The film opens with a brutal neighborhood attack as everyone seems aligned against Sweetness (Zoe Kravitz) and her friend, apparently because Sweetness comes from a mixed-race parentage. You don't get much explanation, really, but as the conflict is resolved--the film unleashes a powerfully visceral punch to your gut. From here, we get glimpses of Kravitz's home life. Her mother seems unstable, her father volatile, and her sister is in a troubled relationship. The screenplay never digs too deeply into the peripheral characters, we primarily see their actions through Kravitz's eyes. As she wants to fit in, poor choices and bad opportunities take her down an unpleasant road.
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Format: DVD
There is a rawness to the film "Yelling To The Sky" that is likely to evoke strong reactions with most viewers. At times humorous, at times brutal, this coming-of-age story from writer/director Victoria Mahoney has a palpable anger underneath its surface that really sets it apart from many comparable films. While I don't know enough about Mahoney to label this autobiographical in nature, there is a certain intimacy and truthfulness that make it feel like a cathartic self-examination of a life lived. While I appreciated this spirit, however, the overall experience ended up having less impact for me than individual components of the film. For my taste, some of the characterizations lacked definition. A drama about race, abuse, violence, and family dysfunction, "Yelling To The Sky" can be unrepentantly bleak. And as the central character spiraled out of control, I found myself as an outsider looking in on (and sometimes not believing) the harrowing circumstances before her.

The film opens with a brutal neighborhood attack as everyone seems aligned against Sweetness (Zoe Kravitz) and her friend, apparently because Sweetness comes from a mixed-race parentage. You don't get much explanation, really, but as the conflict is resolved--the film unleashes a powerfully visceral punch to your gut. From here, we get glimpses of Kravitz's home life. Her mother seems unstable, her father volatile, and her sister is in a troubled relationship. The screenplay never digs too deeply into the peripheral characters, we primarily see their actions through Kravitz's eyes. As she wants to fit in, poor choices and bad opportunities take her down an unpleasant road.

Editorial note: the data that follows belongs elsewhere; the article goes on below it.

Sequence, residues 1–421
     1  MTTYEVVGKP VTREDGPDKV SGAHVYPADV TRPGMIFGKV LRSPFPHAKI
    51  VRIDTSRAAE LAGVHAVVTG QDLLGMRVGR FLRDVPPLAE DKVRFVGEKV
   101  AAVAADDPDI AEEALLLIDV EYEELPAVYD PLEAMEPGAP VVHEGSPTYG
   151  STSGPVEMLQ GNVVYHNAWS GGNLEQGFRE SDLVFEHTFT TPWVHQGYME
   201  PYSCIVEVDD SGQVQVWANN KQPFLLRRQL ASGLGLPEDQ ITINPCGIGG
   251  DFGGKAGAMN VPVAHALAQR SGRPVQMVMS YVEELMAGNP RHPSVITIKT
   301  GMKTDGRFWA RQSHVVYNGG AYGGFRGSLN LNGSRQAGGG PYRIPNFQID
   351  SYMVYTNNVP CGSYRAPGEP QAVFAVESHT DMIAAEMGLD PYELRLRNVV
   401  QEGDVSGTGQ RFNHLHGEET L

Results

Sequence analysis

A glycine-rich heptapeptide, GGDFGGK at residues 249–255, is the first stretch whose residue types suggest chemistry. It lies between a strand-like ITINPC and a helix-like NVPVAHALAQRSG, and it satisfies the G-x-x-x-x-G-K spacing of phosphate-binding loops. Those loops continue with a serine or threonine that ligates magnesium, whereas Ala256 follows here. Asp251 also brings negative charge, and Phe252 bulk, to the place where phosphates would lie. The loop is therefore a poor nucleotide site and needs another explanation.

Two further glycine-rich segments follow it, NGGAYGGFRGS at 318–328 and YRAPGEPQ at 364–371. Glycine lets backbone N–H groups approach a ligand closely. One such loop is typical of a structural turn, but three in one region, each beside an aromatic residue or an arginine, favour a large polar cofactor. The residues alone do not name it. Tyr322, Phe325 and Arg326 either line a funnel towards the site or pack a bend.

Read more ›
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Format: Amazon Video
Sweetness (Zoë Kravitz) is a 17 year old girl growing up in the melting pot of Brooklyn, N.Y. (Filming Location). She is bullied. She is friendless at school. She looks up to her sister (Antonique Smith) who is pregnant and leaving, only to return months later with a baby and a bruised face. Dad is apparently a cab driver who has alcohol issues and is abusive when he drinks. Oh, not call DSS abusive, just an A-hole who breaks things, swears and shoves. Mom (Yolonda Ross) isn't mentally right. Her name is Rainy short for Lorene, which symbolizes her tears of sadness.

Sweetness feels trapped. Her escape is to become part of the drug dealing scene. She wants to deal just enough so she can get by, "right now." And as her sympathetic somewhat caring drug supplier warns her, "Right now keeps on changing."

The story is about hitting bottom, and recovery without having an epiphany or seeking special outside help. This is a well acted drama, although slow at times.
It is less about plot and more about character. A more believable inner city film then what we have been subject to here of late.

Parental Guide: F-bomb, brief sex. No nudity.